Baturin, A. K., et al. “[The study of the association of polymorphism rs659366 gene UCP2 c obesity and type 2 diabetes among residents of the Moscow Region].” Voprosy Pitaniia, vol. 84, no. 1, 2015, pp. 44–49.
“Burning More Fat With Cold.” Ben Greenfield Fitness – Diet, Fat Loss and Performance Advice, 17 Sept. 2012, https://bengreenfieldfitness.com/article/fat-loss-articles/burning-more-fat-with-cold/.
Dalgaard, Louise T. “Genetic Variance in Uncoupling Protein 2 in Relation to Obesity, Type 2 Diabetes, and Related Metabolic Traits: Focus on the Functional −866G>A Promoter Variant (Rs659366).” Journal of Obesity, vol. 2011, 2011, p. 340241. PubMed Central, https://doi.org/10.1155/2011/340241.
de Souza Rocha, Gabrielle, et al. “Effects of Resveratrol, Grape Juice or Red Wine Consumption Irisin Levels and Fibronectin Type III Domain Containing Protein 5 and Uncoupoling Protein Gene Expression Modulation in Rats.” Clinical Nutrition Experimental, vol. 5, Feb. 2016, pp. 1–5. ScienceDirect, https://doi.org/10.1016/j.yclnex.2016.02.001.
Martinez-Hervas, Sergio, et al. “Polymorphisms of the UCP2 Gene Are Associated with Body Fat Distribution and Risk of Abdominal Obesity in Spanish Population.” European Journal of Clinical Investigation, vol. 42, no. 2, Feb. 2012, pp. 171–78. PubMed, https://doi.org/10.1111/j.1365-2362.2011.02570.x.
—. “Polymorphisms of the UCP2 Gene Are Associated with Body Fat Distribution and Risk of Abdominal Obesity in Spanish Population.” European Journal of Clinical Investigation, vol. 42, no. 2, Feb. 2012, pp. 171–78. PubMed, https://doi.org/10.1111/j.1365-2362.2011.02570.x.
Muhammad, Harry Freitag Luglio, et al. “The Interaction between Coffee: Caffeine Consumption, UCP2 Gene Variation, and Adiposity in Adults-A Cross-Sectional Study.” Journal of Nutrition and Metabolism, vol. 2019, 2019, p. 9606054. PubMed, https://doi.org/10.1155/2019/9606054.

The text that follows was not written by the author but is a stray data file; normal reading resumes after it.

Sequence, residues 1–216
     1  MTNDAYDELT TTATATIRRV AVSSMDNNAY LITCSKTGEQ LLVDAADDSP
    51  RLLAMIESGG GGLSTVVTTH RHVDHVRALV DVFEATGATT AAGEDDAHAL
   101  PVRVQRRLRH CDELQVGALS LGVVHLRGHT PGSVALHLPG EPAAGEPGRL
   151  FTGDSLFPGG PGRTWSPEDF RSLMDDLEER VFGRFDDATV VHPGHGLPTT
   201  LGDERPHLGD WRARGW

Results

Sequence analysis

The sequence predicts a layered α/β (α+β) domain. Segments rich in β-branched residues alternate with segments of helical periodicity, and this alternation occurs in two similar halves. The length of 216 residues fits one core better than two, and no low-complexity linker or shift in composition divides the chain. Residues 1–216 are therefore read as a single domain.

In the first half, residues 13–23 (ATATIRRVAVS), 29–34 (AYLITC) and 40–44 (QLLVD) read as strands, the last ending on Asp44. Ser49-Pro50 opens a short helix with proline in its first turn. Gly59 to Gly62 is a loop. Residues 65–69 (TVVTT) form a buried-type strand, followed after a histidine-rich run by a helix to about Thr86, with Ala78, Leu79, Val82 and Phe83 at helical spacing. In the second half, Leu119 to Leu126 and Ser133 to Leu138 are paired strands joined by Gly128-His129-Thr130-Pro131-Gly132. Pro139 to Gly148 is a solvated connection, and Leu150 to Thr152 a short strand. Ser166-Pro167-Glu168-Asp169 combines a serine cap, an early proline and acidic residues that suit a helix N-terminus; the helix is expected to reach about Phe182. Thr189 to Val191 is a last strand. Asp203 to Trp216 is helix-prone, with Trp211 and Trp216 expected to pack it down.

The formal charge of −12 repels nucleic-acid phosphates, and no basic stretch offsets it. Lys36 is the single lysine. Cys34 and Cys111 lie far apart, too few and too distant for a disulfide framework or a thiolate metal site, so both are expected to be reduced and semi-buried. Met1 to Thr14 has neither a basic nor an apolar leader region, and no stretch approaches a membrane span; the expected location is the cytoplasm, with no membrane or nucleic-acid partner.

—. “The Interaction between Coffee: Caffeine Consumption, UCP2 Gene Variation, and Adiposity in Adults-A Cross-Sectional Study.” Journal of Nutrition and Metabolism, vol. 2019, 2019, p. 9606054. PubMed, https://doi.org/10.1155/2019/9606054.
Oktavianthi, Sukma, et al. “Uncoupling Protein 2 Gene Polymorphisms Are Associated with Obesity.” Cardiovascular Diabetology, vol. 11, Apr. 2012, p. 41. PubMed Central, https://doi.org/10.1186/1475-2840-11-41.
Pan, Pan, et al. “Melatonin Balance the Autophagy and Apoptosis by Regulating UCP2 in the LPS-Induced Cardiomyopathy.” Molecules (Basel, Switzerland), vol. 23, no. 3, Mar. 2018, p. E675. PubMed, https://doi.org/10.3390/molecules23030675.
Rose, Giuseppina, et al. “Further Support to the Uncoupling-to-Survive Theory: The Genetic Variation of Human UCP Genes Is Associated with Longevity.” PLOS ONE, vol. 6, no. 12, Dec. 2011, p. e29650. PLoS Journals, https://doi.org/10.1371/journal.pone.0029650.
Salopuro, Titta, et al. “Variation in the UCP2 and UCP3 Genes Associates with Abdominal Obesity and Serum Lipids: The Finnish Diabetes Prevention Study.” BMC Medical Genetics, vol. 10, Sept. 2009, p. 94. PubMed, https://doi.org/10.1186/1471-2350-10-94.
—. “Variation in the UCP2 and UCP3 Genes Associates with Abdominal Obesity and Serum Lipids: The Finnish Diabetes Prevention Study.” BMC Medical Genetics, vol. 10, Sept. 2009, p. 94. PubMed, https://doi.org/10.1186/1471-2350-10-94.
Souza, Bianca Marmontel de, et al. “The Role of Uncoupling Protein 2 (UCP2) on the Development of Type 2 Diabetes Mellitus and Its Chronic Complications.” Arquivos Brasileiros de Endocrinologia & Metabologia, vol. 55, June 2011, pp. 239–48. SciELO, https://doi.org/10.1590/S0004-27302011000400001.
Sreedhar, Annapoorna, et al. “UCP2 Overexpression Redirects Glucose into Anabolic Metabolic Pathways.” Proteomics, vol. 19, no. 4, Feb. 2019, p. e1800353. PubMed, https://doi.org/10.1002/pmic.201800353.
Debbie Moon is the founder of Genetic Lifehacks. Fascinated by the connections between genes, diet, and health, her goal is to help you understand how to apply genetics to your diet and lifestyle decisions. Debbie has a BS in engineering and an MSc in biological sciences from Clemson University. Debbie combines an engineering mindset with a biological systems approach to help you understand how genetic differences impact your optimal health.